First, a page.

So what does Gordon really think?
The reason is simple: Gordon Brown's character and views are now under the most intense scrutiny. They are all that could stand in the way of him fulfilling not just his dream but what he’s long believed is his destiny. For more than a decade political journalists, like me, have obsessed about the Blair/Brown dynamic (who, by the way, would now argue that it didn’t matter or that we were making it all up?) Now though the question that needs to be answered is what the man who would be Britain's next prime minister would be like in the job.
In the years BC (Before Clarke), no-one who really counted would go on the record to list the alleged character flaws which until then had only filled journalists notebooks anonymously. Now in the weeks AD (After the Disaster) they’ve gone silent again.
David Blunkett discloses that Brown is so driven that he sometimes barely sleeps or eats : “I was sitting next to him in Cabinet bemoaning that I’d only had five hours sleep and Gordon thought that was rather a lot. If he’s got an idea in his head, he’ll be up writing, scribbling. When you stay with Gordon and Sarah…Sarah has to drag him out from his study in order to be able to eat. He’s politics, politics, politics”. That’s proof to some of Gordon Brown's commitment and dedication. It’s evidence for others that he's an obsessive and is psychologically flawed.
So, friends and foes agree that Gordon Brown isn't an easy man to work with. What divides them is whether they believe his other qualities make the effort worthwhile. That and their hopes or fears about what Gordon really thinks.
At the root of Brown’s views are the teachings of his father. The themes of the Reverend John Brown's collected sermons are recognisably Brown-ite - “Towards set objectives”, “Making the best use of time” and "The vision of duty". As a young man Gordon Brown wrote about the need to tackle the gap "between what people are and what they have it in themselves to become". Neil Kinnock has a neat way of summing up that mission. He labels him not “Capability Brown” but “Justice Brown”
So, what might “Justice Brown” do in office? His political challenge will be to convince voters there's been a change from the Blair years whilst reassuring his party that there's enough continuity to counter charges of betrayal. The agenda for change is becoming increasingly clear.
First, a package of reforms designed to break Labour's reputation for spin, sleaze and control freakery. Brown has spoken of the need to re-invigorate the constitutional reform agenda - giving Parliament the power to declare war, completing the reform of the House of Lords and devolving more power to the regions and to local councils. Brown believes that his decision to make the Bank of England independent restored trust in the setting of interest rates by preventing politicians interfering. He’s now considering repeating the trick for the running of the NHS. The government would still set the overall budget and strategic policy but a new independent NHS Board could take over the day to day running of the health service.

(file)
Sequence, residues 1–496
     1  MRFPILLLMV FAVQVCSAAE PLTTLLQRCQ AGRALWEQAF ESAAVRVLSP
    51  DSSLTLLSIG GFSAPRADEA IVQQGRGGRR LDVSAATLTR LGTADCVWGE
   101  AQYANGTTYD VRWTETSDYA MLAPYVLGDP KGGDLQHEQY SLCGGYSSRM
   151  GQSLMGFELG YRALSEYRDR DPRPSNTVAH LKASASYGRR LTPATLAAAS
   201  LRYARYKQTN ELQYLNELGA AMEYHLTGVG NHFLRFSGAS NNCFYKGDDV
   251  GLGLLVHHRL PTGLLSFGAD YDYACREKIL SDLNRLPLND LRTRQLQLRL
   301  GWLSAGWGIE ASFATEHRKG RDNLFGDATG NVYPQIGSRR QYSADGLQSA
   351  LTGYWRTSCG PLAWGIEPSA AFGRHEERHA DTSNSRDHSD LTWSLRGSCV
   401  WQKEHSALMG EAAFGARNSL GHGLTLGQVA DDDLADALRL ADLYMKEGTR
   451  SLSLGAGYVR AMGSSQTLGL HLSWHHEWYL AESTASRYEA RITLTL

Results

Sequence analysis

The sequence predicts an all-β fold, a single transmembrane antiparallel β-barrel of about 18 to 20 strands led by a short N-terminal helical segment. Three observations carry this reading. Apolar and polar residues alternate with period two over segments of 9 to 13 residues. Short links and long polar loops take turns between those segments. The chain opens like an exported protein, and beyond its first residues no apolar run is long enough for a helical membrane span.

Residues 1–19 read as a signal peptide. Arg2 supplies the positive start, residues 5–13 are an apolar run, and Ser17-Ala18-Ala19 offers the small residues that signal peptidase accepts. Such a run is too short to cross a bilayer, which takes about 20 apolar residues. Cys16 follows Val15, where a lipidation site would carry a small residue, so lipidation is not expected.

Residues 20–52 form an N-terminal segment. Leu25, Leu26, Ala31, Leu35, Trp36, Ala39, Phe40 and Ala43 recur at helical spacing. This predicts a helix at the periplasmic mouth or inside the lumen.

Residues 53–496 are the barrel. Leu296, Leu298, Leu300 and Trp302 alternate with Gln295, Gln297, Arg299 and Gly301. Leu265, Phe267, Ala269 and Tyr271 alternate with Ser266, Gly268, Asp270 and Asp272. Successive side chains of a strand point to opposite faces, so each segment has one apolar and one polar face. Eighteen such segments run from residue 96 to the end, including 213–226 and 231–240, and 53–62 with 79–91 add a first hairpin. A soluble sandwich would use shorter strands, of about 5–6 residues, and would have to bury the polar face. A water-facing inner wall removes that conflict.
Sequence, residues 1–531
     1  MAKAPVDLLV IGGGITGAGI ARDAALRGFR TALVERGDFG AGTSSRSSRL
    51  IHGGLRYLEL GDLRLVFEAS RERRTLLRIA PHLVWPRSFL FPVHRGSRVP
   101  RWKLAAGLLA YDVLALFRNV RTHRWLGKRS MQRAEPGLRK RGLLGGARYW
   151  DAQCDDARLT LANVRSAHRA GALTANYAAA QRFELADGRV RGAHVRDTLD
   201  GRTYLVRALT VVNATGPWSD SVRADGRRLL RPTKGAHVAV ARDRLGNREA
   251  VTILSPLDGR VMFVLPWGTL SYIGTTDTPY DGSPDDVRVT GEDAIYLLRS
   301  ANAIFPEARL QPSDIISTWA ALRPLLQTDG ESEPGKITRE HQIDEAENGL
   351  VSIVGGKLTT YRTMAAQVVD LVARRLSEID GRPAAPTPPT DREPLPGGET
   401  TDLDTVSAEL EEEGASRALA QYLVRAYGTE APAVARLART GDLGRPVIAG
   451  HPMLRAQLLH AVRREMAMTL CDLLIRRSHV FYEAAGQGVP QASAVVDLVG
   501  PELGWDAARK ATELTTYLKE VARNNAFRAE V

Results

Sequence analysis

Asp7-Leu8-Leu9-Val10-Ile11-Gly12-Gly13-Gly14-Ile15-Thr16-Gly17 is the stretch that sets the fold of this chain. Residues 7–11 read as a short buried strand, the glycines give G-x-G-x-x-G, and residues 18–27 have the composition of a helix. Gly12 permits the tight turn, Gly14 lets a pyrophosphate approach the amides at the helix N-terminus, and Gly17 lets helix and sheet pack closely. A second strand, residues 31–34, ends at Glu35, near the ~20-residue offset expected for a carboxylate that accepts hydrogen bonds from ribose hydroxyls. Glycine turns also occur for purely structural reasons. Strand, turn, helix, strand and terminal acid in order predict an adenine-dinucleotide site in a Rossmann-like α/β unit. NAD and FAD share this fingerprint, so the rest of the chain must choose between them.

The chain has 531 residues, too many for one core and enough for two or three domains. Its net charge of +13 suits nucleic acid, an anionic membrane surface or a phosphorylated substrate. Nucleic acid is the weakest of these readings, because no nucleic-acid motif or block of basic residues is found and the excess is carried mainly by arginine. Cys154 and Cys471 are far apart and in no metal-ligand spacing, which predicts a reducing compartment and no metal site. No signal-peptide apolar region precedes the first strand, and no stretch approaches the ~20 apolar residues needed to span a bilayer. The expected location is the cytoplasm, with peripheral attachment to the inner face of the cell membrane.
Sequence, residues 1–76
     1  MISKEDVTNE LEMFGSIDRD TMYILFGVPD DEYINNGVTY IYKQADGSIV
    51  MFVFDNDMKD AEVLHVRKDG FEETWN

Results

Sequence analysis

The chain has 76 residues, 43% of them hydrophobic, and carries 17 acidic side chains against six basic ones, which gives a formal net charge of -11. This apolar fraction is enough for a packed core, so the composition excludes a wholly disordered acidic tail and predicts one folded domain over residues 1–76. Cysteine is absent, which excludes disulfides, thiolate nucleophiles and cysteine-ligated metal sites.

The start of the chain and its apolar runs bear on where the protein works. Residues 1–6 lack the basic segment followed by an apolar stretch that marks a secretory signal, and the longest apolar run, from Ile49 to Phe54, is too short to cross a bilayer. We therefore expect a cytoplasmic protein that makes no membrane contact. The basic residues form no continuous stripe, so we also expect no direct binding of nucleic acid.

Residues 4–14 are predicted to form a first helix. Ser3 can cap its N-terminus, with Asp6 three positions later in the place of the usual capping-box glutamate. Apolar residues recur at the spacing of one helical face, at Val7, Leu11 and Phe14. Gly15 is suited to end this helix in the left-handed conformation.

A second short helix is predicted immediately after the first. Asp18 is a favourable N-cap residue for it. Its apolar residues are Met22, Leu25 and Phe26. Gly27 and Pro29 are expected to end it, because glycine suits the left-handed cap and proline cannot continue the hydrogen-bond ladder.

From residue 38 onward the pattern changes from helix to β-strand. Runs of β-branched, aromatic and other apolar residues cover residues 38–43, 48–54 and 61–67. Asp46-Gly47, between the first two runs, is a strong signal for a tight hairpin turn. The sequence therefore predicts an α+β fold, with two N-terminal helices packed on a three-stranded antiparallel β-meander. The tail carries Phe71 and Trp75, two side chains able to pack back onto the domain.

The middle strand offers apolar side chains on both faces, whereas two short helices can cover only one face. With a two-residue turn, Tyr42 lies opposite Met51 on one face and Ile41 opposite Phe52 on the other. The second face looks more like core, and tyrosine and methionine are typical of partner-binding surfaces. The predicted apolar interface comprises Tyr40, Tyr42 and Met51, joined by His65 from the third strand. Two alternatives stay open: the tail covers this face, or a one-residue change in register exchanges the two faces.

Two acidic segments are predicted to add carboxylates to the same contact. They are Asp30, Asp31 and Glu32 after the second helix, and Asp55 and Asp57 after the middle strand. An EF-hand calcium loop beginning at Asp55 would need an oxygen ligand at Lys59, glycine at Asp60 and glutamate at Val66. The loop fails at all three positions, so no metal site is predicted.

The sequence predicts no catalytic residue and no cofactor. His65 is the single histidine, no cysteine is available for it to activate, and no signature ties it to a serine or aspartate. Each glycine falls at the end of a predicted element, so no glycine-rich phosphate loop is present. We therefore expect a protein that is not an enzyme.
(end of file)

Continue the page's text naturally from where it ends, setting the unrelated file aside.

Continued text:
Those hoping for an end to Blair’s wars or a libertarian shift away from Blair’s laws are likely to be disappointed. Yet, alongside the war on terror there’s likely to be a war on the global poverty which Brown believes feeds support for terrorism. The chancellor has campaigned to wipe out third world debt. Less well known is his proposal for an economic plan for the Middle East. “Justice Brown” believes that economics lies at the root of most problems. Brown’s known to be scathing of Tony Blair’s handling of the EU - believing it to be long on charm and short on strategy. One prediction by Ed Balls, a close ally and fellow Treasury minister, is likely to send a shiver around Brussels and produce a groan in the Foreign Office. Balls told me that Brown’s negotiating style will mirror Margaret Thatcher’s before hastily adding “in the early years” (the years she got “Britain’s money back” and helped shape the single market) Balls says :
“Going to an international meeting, the easiest thing to do is draft a fudge communique and go home, but if you want to make change that’s not good enough. It’s the people who are banging the table and saying ‘it’s not good enough, we’ve actually got to do something’, they’re the change makers.”
The issue that has most divided Gordon Brown from Tony Blair is public service reform. Brown has been infuriated by the endless talk of the “need for reform” fearing that it has undermined morale in the NHS and risks convincing the public that only privatisation will cure the health service’s ills. What is not yet clear is whether as prime minister he’d merely change the rhetoric or the reforms themselves. It’s an uncertainty fuelled by a speech he gave – or rather didn’t quite give - to a private dinner at the TUC Conference. Journalists were told he would make a statement of unequivocal support for Tony Blair's NHS reforms. It would have been an important signal had he said it. No-one I’ve spoken to can recall him saying that or anything like it.
For the dozen years since Tony Blair became leader of the Labour Party, Gordon Brown’s ideas have been shrouded – sometimes by baffling jargon, occasionally by tactical silence, always by a tendency to work through ideas in secret with a few close friends before springing surprises on voters and colleagues alike. There may not now be much longer to find out what he really thinks.